Forschungs- & Entwicklungsinformationsdienst der Gemeinschaft - CORDIS

Final Activity Report Summary - FLIPPASES (Lipid flippases - Protein-mediated lipid translocation Regulation and physiological significance of transbilayer lipid distribution)

The dynamics of biomembrane lipid organisation and its physiological role is a rapidly developing interdisciplinary field. Membrane dynamics is largely controlled by lipid transporters also known as flippases, which play a pivotal role in cell homeostasis. Putative flippases belong to various subfamilies of the P-type ATPases and ATP-binding cassette (ABC) transporters. These proteins are involved in regulating lipid asymmetry, cellular signalling, in the budding of transport vesicles and protein synthesis. Dysfunction of flippases causes severe diseases like cholestasis, atherosclerosis, visual impairment, what emphasises their crucial physiological function. Although these proteins have been connected with the translocation of various classes of membrane lipids across cellular membranes, biochemical and genetic proof of their function and the key features of their activity remain to be elucidated.

The network teaming 12 groups was aimed at undertaking an interdisciplinary effort to reveal the molecular identity and cellular localisation of flippases, their three-dimensional structure, substrate specificity, the molecular mechanism, energetics and regulation of their functioning, as well as unravelling the consequences of their action for cell and body physiology. Biophysical approaches have been used to address lipid transport energetics and its role in membrane budding, fission and fusion.

23 young researchers recruited by the network were immediate protagonists of network research thereby receiving high quality training not only in research, but also in international project management. Intense collaborations established a network gathering complementary expertise at the highest standard in all required techniques of molecular and cell biology, biochemistry, proteomics, structural biology including X-ray crystal analysis and cryoelectron microscopy, and theoretical and experimental biophysics. As a result new membrane proteins involved in lipid transport and metabolism were discovered and characterised with respect to structure, localisation, substrate specificity, consequences for other processes of the cell and for structure and dynamics of respective membranes. Importantly, the network has shown that lipid transporters play, pivotal roles in mammalian, plant and other eukaryotic cells like yeast. For example, P-type-ATPases transport lipid in parasites as Leishmania. On the same time they transport antileishmania drugs, an important outcome for understanding drug resistance.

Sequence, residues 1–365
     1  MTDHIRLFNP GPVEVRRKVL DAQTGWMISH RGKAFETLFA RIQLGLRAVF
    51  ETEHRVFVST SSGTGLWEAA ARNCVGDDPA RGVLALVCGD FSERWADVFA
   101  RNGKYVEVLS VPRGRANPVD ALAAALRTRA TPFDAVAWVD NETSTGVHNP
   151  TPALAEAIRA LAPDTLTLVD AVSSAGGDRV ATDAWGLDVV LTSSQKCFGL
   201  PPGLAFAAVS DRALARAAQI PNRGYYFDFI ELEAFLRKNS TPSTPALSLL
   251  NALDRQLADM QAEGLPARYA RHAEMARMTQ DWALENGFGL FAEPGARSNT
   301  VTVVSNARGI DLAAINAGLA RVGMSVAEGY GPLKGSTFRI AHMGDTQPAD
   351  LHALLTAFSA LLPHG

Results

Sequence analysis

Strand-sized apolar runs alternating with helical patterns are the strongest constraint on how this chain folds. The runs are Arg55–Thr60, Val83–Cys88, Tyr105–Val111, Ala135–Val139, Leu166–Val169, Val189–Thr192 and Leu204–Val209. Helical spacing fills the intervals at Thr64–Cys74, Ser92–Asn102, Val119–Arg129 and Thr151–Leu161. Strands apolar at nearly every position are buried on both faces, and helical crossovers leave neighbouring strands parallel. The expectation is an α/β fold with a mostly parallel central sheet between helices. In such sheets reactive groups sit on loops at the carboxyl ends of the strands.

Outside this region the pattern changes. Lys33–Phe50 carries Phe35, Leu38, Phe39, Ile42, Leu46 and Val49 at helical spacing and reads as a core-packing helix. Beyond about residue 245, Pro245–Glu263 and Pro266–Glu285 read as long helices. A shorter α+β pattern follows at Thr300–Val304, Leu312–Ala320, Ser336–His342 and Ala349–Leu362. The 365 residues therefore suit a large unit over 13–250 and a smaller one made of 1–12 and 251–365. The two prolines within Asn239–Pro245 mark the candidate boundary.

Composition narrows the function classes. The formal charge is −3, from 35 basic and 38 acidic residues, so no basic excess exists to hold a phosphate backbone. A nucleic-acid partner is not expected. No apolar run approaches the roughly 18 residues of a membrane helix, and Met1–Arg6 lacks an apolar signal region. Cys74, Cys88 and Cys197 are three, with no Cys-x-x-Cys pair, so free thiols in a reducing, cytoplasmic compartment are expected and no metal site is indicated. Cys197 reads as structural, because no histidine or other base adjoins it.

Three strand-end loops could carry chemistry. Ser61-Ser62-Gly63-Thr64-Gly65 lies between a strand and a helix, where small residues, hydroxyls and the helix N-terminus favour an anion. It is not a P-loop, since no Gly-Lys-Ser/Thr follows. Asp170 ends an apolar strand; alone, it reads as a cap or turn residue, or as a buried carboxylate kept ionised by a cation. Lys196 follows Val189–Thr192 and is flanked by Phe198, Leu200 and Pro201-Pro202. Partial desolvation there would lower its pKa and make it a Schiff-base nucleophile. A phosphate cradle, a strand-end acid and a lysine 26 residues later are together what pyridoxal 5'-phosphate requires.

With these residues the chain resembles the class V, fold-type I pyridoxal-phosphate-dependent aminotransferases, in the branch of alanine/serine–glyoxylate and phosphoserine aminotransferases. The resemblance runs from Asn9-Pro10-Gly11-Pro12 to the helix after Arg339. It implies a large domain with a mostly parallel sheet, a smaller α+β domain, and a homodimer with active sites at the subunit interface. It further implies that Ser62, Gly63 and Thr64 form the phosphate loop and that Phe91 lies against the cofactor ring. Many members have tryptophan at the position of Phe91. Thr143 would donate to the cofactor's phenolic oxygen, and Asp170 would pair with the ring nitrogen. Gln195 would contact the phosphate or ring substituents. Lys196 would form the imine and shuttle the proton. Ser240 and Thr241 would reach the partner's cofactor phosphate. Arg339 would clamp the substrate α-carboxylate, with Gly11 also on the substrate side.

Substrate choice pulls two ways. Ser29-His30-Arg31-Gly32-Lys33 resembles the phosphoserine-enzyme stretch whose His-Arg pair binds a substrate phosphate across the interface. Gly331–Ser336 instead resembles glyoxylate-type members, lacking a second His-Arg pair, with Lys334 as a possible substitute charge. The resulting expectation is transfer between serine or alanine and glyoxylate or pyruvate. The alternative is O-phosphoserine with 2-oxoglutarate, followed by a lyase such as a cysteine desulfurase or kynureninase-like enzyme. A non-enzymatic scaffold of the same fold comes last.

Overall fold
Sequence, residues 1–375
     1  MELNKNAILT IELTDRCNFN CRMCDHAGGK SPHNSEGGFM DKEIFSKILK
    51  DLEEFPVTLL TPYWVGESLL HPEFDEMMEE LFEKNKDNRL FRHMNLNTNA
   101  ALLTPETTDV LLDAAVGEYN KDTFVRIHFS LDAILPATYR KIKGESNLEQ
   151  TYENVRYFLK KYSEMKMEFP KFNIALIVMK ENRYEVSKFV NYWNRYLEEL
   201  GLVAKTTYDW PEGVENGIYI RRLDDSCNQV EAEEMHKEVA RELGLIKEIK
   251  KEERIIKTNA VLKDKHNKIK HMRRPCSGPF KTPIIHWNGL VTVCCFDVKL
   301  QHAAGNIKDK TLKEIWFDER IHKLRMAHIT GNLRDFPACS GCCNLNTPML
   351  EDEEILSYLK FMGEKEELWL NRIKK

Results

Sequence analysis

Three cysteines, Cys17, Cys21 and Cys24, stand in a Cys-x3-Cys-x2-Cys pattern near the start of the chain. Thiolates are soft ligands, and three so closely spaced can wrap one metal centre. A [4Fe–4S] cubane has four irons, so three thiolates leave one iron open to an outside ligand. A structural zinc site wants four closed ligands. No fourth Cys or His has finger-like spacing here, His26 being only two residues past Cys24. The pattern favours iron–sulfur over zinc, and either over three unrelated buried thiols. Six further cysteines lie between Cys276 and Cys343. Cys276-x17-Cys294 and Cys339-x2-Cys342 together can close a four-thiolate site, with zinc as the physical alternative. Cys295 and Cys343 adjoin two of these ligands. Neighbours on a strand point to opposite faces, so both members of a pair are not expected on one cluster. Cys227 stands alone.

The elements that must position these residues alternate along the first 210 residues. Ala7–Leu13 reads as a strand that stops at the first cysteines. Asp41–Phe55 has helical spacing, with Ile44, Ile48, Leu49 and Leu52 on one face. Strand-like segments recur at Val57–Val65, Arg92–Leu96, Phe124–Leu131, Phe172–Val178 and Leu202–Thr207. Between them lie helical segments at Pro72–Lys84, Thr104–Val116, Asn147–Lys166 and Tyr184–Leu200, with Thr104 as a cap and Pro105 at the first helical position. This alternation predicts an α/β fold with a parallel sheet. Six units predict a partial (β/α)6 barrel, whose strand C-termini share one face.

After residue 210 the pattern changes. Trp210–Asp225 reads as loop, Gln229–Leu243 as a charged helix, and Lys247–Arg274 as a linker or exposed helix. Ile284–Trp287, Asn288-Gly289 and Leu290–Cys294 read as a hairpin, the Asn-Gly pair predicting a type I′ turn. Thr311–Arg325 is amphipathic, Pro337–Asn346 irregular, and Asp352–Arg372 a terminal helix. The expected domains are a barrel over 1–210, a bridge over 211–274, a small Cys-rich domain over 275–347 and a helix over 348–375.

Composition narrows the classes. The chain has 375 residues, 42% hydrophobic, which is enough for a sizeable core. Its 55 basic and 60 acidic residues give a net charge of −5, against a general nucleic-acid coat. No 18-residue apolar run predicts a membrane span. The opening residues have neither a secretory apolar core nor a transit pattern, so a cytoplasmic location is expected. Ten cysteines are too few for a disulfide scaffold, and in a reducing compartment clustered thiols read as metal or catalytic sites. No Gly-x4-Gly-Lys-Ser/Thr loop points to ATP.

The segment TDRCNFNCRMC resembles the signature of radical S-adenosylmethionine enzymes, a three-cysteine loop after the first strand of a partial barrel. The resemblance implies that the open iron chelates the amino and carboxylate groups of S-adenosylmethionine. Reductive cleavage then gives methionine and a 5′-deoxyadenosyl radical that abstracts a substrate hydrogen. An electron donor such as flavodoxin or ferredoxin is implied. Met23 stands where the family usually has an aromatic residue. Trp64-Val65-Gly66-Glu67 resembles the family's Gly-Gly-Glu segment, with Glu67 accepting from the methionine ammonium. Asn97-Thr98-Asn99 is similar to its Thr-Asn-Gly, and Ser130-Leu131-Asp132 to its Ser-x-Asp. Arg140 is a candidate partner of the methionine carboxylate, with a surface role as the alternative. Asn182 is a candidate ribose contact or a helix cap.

Another example is the evidence for a lipid-transport independent function of a P-type-ATPase in the proper assembly of the apical brush border in human intestinal epithelial cells which discovered by the network. This function may be relevant for the clinical manifestation of familial intrahepatic cholestasis, a life threatening liver disease. Other milestones of the project are development of high yield expression systems for lipid transporters enabling the in-depth characterisation of their activity as well as three dimension structure determination. First structure determinations of those proteins were already successful. In addition to providing novel applicative insights into flippase-related diseases, the research of the network was and is essential for identifying potential targets for designed drug development in pharmaceutics, and will offer new biotechnological tools to use cellular model systems in production of lipid transporters and lipophilic drugs. The network succeeded to strengthen interaction between experiment and theory in research and developed models on which basis experimental results can be interpreted in a quantitative manner. The network organised two international conferences related to lipid transporters. By that it established a European wide network in this field acting beyond the funding period. Finally, a text book on lipid transporters with experts from all over the world will appear in 2009.

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